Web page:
The graph illustrates the changes that occur as a result of an increasing threshold in this image of a stellate cell, the resulting object changes in shape and size and as such also the resulting feature measurements. Up to a certain level the counting of the number of cells is insensitive to a change of the threshold in contrast to the area measurement which changes at each threshold level.
The image histogram predicts the influence of different threshold settings on the resulting data.

Uneven staining of the offshoots only, introduces artefacts

Stellate Image Stellate Image Histogram Stellate Image Graph
In the graph the cyan line shows the number of detected objects at a given threshold and the blue line the total area (x1000).

In this image only the offshoots are uneven stained. The graph illustrates the changes that occur as a result of an increasing threshold in this image of a stellate cell. Up from a certain threshold the resulting object changes in shape and size and as such also the resulting feature measurements.
Up to a certain level the counting of the number of cells is insensitive to a change of the threshold and in this case also the area measurement which starts changing when the offshoots appear in the segmented object.
The image histogram predicts the influence of different threshold settings on the resulting data.

Maximum contrast image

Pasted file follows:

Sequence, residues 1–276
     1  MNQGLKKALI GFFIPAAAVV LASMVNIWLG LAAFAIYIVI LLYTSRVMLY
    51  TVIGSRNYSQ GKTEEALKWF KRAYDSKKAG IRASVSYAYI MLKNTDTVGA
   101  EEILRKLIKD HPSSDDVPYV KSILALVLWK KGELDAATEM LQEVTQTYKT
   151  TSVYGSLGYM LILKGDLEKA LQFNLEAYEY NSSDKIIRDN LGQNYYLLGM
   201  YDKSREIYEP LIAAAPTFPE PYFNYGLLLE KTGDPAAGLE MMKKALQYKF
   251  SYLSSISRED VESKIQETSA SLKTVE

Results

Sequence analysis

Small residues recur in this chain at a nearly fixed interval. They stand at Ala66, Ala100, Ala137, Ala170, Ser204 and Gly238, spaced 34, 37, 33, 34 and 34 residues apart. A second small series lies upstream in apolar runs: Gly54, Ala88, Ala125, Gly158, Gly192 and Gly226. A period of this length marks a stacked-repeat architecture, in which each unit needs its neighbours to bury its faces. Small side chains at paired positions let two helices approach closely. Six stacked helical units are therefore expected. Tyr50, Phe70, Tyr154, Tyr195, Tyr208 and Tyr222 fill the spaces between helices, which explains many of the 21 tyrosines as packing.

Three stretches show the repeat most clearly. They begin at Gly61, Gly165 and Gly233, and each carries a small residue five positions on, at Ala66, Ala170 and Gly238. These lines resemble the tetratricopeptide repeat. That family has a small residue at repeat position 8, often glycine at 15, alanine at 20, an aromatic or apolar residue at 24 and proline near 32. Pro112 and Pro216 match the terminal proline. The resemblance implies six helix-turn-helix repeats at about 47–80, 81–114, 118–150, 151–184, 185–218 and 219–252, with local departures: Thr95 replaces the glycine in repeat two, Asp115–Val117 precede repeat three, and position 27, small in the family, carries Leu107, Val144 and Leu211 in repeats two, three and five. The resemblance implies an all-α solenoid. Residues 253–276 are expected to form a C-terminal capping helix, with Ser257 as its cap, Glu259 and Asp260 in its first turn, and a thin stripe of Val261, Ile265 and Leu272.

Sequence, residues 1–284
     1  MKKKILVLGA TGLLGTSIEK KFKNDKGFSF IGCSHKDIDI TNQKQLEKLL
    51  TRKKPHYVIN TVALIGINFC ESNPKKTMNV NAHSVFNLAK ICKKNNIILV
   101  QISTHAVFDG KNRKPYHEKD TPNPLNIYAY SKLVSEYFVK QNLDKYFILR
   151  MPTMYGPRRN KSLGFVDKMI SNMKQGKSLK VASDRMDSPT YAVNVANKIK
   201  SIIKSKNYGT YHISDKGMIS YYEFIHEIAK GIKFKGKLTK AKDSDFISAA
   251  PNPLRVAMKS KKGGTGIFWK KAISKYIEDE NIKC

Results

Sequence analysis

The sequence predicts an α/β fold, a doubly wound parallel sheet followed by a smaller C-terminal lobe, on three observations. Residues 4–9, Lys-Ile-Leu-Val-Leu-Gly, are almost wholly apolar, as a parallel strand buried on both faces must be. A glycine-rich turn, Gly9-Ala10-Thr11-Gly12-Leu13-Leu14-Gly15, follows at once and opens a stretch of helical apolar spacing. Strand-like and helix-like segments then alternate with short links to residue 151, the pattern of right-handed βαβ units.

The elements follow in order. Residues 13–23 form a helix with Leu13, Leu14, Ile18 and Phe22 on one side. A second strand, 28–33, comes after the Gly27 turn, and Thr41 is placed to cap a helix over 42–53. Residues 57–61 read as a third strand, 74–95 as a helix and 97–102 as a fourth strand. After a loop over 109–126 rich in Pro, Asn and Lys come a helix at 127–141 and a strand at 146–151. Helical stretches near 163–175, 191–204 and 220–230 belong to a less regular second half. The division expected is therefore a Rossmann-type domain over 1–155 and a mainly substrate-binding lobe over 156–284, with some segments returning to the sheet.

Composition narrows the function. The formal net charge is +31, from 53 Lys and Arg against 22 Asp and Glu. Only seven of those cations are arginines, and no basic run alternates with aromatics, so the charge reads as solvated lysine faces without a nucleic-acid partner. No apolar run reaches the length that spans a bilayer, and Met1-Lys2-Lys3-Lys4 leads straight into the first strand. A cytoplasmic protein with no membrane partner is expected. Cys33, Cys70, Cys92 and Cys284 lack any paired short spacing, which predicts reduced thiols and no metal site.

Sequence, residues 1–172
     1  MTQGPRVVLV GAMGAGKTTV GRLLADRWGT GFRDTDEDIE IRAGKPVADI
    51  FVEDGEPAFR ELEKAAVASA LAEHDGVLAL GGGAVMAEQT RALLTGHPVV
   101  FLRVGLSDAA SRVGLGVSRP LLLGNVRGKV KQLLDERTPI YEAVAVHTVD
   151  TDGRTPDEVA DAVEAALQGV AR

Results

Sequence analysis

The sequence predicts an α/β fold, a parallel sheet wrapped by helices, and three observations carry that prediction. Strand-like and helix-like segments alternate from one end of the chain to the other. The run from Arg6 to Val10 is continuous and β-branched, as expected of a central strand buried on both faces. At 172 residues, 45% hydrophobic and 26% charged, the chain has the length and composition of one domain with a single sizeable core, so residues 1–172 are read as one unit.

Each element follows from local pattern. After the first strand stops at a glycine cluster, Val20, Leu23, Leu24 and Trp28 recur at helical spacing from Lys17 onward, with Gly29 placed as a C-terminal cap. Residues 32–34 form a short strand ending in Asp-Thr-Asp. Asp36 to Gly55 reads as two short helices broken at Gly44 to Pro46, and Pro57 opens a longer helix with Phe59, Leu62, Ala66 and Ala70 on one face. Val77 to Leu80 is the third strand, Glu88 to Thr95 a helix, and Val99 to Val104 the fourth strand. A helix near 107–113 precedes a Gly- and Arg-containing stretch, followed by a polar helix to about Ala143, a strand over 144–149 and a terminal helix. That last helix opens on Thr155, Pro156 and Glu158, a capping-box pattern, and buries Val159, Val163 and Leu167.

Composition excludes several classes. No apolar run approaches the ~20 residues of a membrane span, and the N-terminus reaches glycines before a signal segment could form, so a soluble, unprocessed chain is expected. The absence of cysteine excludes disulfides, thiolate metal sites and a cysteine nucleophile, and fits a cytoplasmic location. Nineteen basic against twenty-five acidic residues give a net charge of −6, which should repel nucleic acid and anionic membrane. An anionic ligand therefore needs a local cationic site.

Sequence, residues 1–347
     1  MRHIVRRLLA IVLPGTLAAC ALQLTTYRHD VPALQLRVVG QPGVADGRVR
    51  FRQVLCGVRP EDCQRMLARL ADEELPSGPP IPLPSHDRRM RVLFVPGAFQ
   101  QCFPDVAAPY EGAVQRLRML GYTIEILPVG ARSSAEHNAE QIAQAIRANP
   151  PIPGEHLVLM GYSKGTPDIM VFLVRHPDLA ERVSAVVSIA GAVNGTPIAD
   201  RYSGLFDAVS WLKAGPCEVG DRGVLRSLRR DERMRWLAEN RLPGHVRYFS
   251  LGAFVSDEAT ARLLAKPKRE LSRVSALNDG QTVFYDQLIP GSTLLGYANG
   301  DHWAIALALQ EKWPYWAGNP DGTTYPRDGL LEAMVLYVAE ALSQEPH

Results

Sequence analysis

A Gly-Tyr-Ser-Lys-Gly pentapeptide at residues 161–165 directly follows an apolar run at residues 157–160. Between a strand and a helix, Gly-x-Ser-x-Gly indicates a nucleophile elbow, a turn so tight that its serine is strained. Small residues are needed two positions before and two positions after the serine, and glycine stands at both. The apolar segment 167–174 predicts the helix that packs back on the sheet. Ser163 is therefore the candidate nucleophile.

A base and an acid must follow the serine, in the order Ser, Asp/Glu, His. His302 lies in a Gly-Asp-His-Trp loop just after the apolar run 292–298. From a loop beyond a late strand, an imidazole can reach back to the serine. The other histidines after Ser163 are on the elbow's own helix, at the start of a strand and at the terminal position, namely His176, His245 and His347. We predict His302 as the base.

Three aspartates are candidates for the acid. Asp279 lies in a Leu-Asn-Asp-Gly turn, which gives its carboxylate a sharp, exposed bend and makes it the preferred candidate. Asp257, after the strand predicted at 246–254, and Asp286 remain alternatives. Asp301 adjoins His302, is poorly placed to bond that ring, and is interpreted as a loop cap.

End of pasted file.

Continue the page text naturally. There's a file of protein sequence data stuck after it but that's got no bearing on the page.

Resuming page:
Maximum Contrast Image Maximum Contrast Histogram Maximum Contrast Graph
The image on the left shows an artificial maximum contrast image, containing only black (greylevel 0) and white (greylevel 255), as shown in the histogram.
The graph illustrates the result of using different threshold levels for segmentation of this image and the result on the total area detected.

Changing the threshold in the intermediate greylevels (1 to 254) has no effect on the total area.
The image histogram predicts the influence of different threshold settings on the resulting data.

Minimum contrast image

Minimum Contrast Image Minimum Contrast Histogram Minimum Contrast Graph
The image on the left shows an artificial image with no contrast, there is a gradual change of greylevels from black (greylevel 0) to white (greylevel 255). The histogram shows a uniform distribution of greylevels.
The graph illustrates the result of using different threshold levels for segmentation of this image and the result on the total area detected.

Changing the threshold in the intermediate greylevels (1 to 254) has a dramatic effect on the total area detected.